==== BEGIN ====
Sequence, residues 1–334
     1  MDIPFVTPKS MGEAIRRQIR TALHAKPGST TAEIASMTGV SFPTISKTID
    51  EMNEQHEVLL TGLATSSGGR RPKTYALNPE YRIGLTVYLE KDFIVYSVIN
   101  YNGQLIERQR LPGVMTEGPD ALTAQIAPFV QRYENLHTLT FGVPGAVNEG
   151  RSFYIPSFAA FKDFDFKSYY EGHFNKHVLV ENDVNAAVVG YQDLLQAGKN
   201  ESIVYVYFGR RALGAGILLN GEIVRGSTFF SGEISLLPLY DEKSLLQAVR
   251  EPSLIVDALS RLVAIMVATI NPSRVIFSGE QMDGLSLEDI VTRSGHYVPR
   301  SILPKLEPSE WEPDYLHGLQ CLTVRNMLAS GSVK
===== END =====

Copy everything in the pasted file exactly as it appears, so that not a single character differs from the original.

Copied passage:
Sequence, residues 1–334
     1  MDIPFVTPKS MGEAIRRQIR TALHAKPGST TAEIASMTGV SFPTISKTID
    51  EMNEQHEVLL TGLATSSGGR RPKTYALNPE YRIGLTVYLE KDFIVYSVIN
   101  YNGQLIERQR LPGVMTEGPD ALTAQIAPFV QRYENLHTLT FGVPGAVNEG
   151  RSFYIPSFAA FKDFDFKSYY EGHFNKHVLV ENDVNAAVVG YQDLLQAGKN
   201  ESIVYVYFGR RALGAGILLN GEIVRGSTFF SGEISLLPLY DEKSLLQAVR
   251  EPSLIVDALS RLVAIMVATI NPSRVIFSGE QMDGLSLEDI VTRSGHYVPR
   301  SILPKLEPSE WEPDYLHGLQ CLTVRNMLAS GSVK